We will start by admitting this: It's not immediately clear what makes for a top-notch chair of a major political party in the super PAC era.
Is it the ability to raise big sums of money or skillfully lob bombs at the other party? Is crafting a successful strategy and tactics to expand the party's representation and voter base? Is it the willingness to put in one of those let's-get-this-debate-party-started performances like the one Republican National Committee Chairman Reince Priebus delivered Thursday night (complete with the dubious claim that the GOP is the party of diversity)?
The answer to all three is probably "yes." But increasingly, there seem to be lots of Democrats and liberals saying Rep. Debbie Wasserman Schultz (D-Fla.) just isn't getting it done as chair of the Democratic National Committee.
Most recently, at least two groups overwhelmingly composed of progressives -- CREDO Action and marijuana legalization advocates -- have publicly called for Wasserman Schultz's resignation from the DNC post. Both are currently circulating online petitions to demonstrate how many people agree.
Now, in a town as insular and politically obsessive as Washington, calls for resignations do have a way of cropping up from time to time. Many carry little meaning. But, in the last four-plus years, there has been a real stream of events Wasserman Schultz really cannot be said to have handled particularly well. It would be hard for even her biggest supporters to dispute that.
When Wasserman Schultz took over the DNC chair in 2011 -- making her the first woman to lead the party since the mid-1990s -- Vice President Biden dispatched an email explaining the choice. He wrote: "In selecting Debbie to lead our party, President Obama noted her tenacity, her strength, her fighting spirit, and her ability to overcome adversity."
Wasserman Schultz was credited with raising millions of dollars and really giving life and meaning to the Democratic Party's claims that Republicans were engaged in a "war on women" in the run-up to the 2012 presidential election. In short, people were saying that Wasserman Schultz was doing a good job.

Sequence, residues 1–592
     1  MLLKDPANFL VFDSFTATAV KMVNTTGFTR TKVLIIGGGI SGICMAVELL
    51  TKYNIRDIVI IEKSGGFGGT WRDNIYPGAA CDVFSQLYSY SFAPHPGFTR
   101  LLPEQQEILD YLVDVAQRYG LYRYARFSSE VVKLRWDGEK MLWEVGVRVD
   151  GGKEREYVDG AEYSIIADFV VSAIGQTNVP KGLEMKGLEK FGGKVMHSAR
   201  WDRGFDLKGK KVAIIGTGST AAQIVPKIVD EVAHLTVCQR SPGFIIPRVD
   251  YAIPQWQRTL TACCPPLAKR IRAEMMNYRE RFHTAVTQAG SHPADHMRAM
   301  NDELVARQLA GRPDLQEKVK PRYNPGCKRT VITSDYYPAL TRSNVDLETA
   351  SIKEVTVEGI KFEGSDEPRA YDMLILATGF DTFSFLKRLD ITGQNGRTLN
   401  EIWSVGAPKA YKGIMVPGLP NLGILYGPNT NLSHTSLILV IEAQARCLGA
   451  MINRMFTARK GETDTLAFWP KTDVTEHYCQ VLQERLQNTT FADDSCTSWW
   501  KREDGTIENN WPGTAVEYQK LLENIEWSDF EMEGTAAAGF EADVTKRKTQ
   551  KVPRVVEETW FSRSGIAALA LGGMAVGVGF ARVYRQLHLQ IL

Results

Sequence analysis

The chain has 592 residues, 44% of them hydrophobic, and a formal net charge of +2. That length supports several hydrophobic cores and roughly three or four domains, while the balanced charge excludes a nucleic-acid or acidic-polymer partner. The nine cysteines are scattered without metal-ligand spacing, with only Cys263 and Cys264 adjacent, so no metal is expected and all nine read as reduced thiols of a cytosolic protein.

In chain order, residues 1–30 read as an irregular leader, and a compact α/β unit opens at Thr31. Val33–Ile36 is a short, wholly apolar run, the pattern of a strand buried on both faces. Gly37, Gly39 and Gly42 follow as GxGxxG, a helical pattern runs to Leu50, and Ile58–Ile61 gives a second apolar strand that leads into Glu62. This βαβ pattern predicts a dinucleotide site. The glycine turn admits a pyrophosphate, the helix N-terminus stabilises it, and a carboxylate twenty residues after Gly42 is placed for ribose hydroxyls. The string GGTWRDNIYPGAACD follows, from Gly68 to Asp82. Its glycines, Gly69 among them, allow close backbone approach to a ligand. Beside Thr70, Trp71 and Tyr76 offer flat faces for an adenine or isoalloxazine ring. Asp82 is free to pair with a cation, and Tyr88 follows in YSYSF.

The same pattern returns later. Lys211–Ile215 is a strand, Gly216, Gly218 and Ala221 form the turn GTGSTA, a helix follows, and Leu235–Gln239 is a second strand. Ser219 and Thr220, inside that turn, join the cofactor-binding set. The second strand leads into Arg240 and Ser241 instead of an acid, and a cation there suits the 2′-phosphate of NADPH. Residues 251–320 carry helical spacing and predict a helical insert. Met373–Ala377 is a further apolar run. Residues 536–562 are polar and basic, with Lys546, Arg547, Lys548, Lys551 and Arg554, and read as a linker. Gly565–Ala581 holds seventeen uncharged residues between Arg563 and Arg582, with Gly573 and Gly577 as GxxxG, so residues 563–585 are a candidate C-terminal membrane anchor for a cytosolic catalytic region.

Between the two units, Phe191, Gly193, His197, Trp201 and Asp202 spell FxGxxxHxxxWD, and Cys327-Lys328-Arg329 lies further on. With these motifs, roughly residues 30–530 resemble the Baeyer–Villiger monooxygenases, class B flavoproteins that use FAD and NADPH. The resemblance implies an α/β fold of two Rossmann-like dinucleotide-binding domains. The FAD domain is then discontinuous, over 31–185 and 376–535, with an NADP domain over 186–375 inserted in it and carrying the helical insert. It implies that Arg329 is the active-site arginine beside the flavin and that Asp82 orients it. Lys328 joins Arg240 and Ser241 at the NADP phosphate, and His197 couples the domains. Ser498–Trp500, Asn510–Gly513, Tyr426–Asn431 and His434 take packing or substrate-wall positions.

Then, the 2014 midterms happened. Democrats lost a combined total of 22 seats in the two congressional chambers, handing the GOP its biggest majorities in many decades. Party insiders were not happy, and the idea of the decline of the Wasserman Schultz era seemed to set in. And what's happened since isn't just a matter of connected and powerful people grumbling to reporters eager to listen. A lot of it seems to involve substantive matters of policy, politics and a series of self-inflicted wounds.
Let's walk back in time a bit, shall we?
Perhaps most damning was what happened in late 2014 and early 2015, when a series of stories debuted full of very Washington-insider, made-for-the-grapevine details about Wasserman Schultz's alleged ambition. (We just want to say there's nothing wrong or even unusual about that.) There were also stories about her allegedly flexible principles, fleeting loyalties and self-serving activities. (Okay, there may be something wrong that trio. But again, it's not at all unusual in D.C.).
The Fix described one Politico story detailing Wasserman Schultz's brand of politics as "devastating."
A spokesman for the DNC, Mark Paustenbach, told The Fix that the criticism misses some key points.
“Chairwoman Wasserman Schultz has successfully led the effort to pay off $24 million in debt from winning the White House in 2012, and to strengthen the Democratic National Committee’s infrastructure and outreach capabilities, and those of the state parties, in order to put the party in the strongest possible position to win across the country in November," he said.
But Wasserman Schultz's issues seem to be ongoing. So we'll focus on that which is pressing in the here and now.